AN ONLINE shop has opened at a Keighley community centre to build on its work distributing food to vulnerable people during the pandemic.

Volunteers at the Hainworth Wood Community Centre have set up the Online Store as a direct response to the Covid-19 lockdown.

While operating vital support services for surrounding neighbourhoods like Woodhouse and Spring Bank, they discovered many local residents found it hard to get essential items and donated goods.

Shaun O'Hare, from regeneration group Keighley Big Local, said the building, in the centre of the Woodhouse and Spring Bank neighbourhood, had been closed to the public during the lockdown.

But he said: "Despite this, Hainworth Wood Community Centre cemented itself as the heart of a huge amount of organised voluntary effort.

The centre hosts the Hainworth Wood Food Bank, which has seen demand rockets during lockdown, and Doorstep Support whose volunteers deliver various services in the community.

Ma Kellys Kitchen has seen volunteers cooking and delivering 300 meals a week to older residents, and the centre has also become a base for the distribution of food and essential items either subsidised or donated by local groups and businesses.

Mr O'Hare said: "All this was difficult to manage, and we found we were communicating with residents using far too many platforms to be effective. It was also proving difficult ensuring items got to the right people, those who were in genuine need.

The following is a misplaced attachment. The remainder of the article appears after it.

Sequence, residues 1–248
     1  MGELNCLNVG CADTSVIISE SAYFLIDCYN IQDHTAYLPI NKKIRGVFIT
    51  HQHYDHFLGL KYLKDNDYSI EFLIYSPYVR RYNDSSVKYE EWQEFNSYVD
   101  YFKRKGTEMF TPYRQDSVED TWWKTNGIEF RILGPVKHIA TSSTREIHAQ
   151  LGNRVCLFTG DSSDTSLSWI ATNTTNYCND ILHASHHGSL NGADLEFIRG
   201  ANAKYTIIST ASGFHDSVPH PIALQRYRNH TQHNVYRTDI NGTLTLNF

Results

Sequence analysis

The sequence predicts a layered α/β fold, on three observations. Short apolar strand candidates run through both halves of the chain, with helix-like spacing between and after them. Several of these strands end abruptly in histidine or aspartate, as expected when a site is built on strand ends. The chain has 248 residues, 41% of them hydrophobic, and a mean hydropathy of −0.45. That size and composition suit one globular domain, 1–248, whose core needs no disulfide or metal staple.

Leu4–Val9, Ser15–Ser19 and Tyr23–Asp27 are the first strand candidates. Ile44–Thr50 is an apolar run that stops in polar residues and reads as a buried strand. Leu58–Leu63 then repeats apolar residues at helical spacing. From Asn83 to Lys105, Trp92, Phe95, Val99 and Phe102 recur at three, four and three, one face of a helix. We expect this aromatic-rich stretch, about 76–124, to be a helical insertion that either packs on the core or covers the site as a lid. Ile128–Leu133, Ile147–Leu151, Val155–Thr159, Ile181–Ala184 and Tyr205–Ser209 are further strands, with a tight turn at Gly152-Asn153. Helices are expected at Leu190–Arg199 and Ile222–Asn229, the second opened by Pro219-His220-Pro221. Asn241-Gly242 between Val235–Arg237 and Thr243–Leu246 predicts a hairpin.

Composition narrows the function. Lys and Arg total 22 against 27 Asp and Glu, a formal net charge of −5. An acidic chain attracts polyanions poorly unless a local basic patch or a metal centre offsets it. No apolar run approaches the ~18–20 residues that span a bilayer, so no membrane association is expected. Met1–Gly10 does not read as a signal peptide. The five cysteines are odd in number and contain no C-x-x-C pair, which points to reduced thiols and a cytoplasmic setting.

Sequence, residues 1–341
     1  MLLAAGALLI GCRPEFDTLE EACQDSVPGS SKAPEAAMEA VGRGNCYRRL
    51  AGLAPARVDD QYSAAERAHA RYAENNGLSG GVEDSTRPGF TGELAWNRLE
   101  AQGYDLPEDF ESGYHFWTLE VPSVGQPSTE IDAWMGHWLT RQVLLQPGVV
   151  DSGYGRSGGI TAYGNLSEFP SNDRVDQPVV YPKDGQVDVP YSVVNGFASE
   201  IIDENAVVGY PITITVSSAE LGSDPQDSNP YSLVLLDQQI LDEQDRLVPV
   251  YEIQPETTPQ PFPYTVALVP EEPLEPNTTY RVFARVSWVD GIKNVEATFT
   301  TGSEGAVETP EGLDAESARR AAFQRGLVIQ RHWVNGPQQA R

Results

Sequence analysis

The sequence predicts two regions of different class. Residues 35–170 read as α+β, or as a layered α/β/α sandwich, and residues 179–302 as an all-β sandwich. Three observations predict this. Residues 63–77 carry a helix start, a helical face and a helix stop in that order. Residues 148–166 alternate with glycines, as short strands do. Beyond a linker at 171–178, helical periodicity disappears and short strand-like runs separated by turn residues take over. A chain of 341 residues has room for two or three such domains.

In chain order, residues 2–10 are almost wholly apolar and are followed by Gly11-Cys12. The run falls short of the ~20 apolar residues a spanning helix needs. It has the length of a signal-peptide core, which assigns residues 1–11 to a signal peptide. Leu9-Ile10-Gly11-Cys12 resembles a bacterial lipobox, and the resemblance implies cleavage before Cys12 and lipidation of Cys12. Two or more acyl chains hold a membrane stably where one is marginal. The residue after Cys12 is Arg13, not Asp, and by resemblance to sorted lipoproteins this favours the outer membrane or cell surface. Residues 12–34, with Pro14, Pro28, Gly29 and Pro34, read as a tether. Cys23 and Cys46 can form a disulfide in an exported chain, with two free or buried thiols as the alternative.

"The idea was to create an online solution to help manage items and create a wider membership of the community centre."

Big Local gave a grant to social enterprise Worth Cooperating to develop an online solution to food poverty, testing a prototype 'shop' at the centre with the intention of expanding whatever proved successful.

Mr O'Hare said offers of discounted paints form Bradford Repaint, gardening and litter-picker kits and activity packs went down well with residents, who ordered online and collected from the building.

He added said: "The clarity of the offer and booking system with designated pick-up times is helping to manage fulfilment and social distancing.

"Most importantly the community centre has a growing band of happy residents who will continue to use the service and maybe get involved with existing volunteers in running it.

"Maybe a 'Click and Collect' for items and services is part of the centre's future role.

"In recent years Hainworth Wood Community Centre has, like many other community buildings, seen residents make less use of the building and the activities it offers. 

"As communities change the best community buildings change with them, keeping the building at heart of the community."

The Online Store stresses it is not in competition with local shops but will instead offer discounted and free items as they become available.

Worth Cooperating, Big Local and the centre are now talking with Keighley Food Partnership about providing low-cost food parcels.

Bob Thorp, of Worth Cooperating, said: "It is great to find people on the same page in terms of increasing the amount of local food growing and processing in the town.

"Food Resilience and security are we feel going to increasingly important topics as we are impacted by climate change and seek solutions. Creating community owned and run food assets is we feel part of the solution to climate change and equity."

Worth Cooperating is a worker cooperative based in Keighley that sells organic, fair trade, eco-friendly and plastic free products online and at events.